Besides providing vital information for agriculture, sensor data also support IFC activities for the $97M Iowa Watershed Approach (IWA) statewide program focused on reducing flood risk in nine watersheds across Iowa. The Maas farm is in the Clear Creek Watershed, which is part of the IWA. John Rathbun, project coordinator for the Clear Creek Watershed, says that interest in the IWA is growing among landowners in the basin. “It’s really all about building relationships,” he explains. Participation in the IWA is entirely voluntary for landowners, and farmers get a 75% cost share if they choose to build a conservation practice such as a farm pond on their property.

With funding from the IWA, the IFC will deploy a network of 20 hydrologic stations this year. The new sensors represent an expansion of the IFC’s current network of nearly 50 similar rain gauge stations statewide. This growing network of hydrologic stations is helping the IFC reach its goal of 100 stations deployed in Iowa—one in each county. This network will help researchers and stakeholders better predict floods, assess droughts, and manage water resources. In addition, Iowa’s farmers can use the information to support their crop management systems and potentially boost yields.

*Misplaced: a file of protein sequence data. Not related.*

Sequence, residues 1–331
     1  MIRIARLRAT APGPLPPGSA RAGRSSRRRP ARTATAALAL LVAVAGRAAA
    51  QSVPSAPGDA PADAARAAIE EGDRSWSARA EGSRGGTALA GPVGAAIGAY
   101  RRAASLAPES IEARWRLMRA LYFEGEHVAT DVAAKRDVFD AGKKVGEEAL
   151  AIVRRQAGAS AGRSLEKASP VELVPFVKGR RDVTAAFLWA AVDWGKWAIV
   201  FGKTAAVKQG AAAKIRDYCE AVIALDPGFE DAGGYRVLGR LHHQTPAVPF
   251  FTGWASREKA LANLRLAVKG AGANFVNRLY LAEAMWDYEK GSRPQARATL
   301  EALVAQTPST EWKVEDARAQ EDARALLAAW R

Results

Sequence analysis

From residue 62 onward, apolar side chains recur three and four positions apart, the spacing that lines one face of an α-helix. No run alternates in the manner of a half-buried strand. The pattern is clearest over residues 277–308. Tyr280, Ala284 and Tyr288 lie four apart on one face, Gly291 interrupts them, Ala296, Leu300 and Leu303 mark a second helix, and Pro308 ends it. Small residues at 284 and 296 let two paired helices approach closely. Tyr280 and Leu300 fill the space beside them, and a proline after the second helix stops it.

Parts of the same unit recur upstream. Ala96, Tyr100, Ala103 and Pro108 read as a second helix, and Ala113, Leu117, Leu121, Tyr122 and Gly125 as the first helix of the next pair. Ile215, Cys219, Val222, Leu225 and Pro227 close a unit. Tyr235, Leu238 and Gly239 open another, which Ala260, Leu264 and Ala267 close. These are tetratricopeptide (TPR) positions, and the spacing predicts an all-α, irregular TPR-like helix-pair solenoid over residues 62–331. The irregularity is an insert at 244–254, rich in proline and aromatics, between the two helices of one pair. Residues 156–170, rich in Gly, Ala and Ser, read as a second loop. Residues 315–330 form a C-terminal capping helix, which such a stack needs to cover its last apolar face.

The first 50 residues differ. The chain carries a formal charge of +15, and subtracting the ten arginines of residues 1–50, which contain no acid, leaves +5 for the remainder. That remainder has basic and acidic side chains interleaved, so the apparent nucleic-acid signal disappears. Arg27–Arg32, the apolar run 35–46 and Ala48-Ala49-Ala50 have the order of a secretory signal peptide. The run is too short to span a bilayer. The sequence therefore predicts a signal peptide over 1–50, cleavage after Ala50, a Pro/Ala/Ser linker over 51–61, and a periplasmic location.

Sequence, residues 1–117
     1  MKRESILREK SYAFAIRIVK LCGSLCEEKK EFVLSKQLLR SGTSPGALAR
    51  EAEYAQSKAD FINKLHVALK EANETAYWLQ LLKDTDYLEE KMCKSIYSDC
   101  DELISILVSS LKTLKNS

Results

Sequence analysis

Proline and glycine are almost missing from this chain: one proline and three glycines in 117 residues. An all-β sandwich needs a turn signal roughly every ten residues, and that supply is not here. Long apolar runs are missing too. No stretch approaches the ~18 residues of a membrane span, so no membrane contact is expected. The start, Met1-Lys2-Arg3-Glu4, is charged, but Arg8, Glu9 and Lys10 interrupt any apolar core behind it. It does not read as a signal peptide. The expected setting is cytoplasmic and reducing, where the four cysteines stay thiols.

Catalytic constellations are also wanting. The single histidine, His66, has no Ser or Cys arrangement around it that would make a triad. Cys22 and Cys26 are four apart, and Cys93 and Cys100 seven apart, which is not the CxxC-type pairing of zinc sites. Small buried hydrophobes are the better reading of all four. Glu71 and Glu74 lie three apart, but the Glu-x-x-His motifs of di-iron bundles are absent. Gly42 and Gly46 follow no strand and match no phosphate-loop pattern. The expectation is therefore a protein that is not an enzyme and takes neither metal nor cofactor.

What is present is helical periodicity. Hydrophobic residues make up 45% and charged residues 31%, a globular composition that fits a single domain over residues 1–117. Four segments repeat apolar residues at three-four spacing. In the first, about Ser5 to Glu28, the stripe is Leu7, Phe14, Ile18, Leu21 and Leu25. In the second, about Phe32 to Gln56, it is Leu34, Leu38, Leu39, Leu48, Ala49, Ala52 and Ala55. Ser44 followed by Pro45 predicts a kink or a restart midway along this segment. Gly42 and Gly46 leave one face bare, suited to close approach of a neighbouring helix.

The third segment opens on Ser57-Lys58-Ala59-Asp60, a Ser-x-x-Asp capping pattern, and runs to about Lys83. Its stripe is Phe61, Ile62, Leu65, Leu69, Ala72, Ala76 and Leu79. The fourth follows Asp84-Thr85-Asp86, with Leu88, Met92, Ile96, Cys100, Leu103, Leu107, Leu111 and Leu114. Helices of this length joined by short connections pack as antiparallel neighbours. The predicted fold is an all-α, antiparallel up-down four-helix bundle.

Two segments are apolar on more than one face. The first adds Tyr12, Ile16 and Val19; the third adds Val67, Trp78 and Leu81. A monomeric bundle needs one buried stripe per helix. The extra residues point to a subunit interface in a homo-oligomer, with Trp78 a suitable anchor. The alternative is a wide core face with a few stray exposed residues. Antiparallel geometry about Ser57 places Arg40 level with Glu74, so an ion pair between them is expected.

The Iowa Flood Information System (IFIS) online tool provides real-time information on watersheds, precipitation, and stream levels for more than 1,000 Iowa communities. Data collected from the hydrologic stations can be accessed at

“Farming doesn’t pay very well,” says Stewart. But, he adds, “It makes farming fun, getting involved in some of these things.”

Buena Vista County in Iowa is requesting proposals for watershed and flood resilience planning services to assist the North Raccoon River Watershed Management Coalition (NRRWMC) with a multi-level, FEMA-compliant, comprehensive watershed planning effort to address factors that contribute to flooding and water quality in the North Raccoon River Watershed.

To review the Request for Proposals, please click here.  For further information, please contact Marius Agua, North Raccoon River Watershed Coalition Project Coordinator at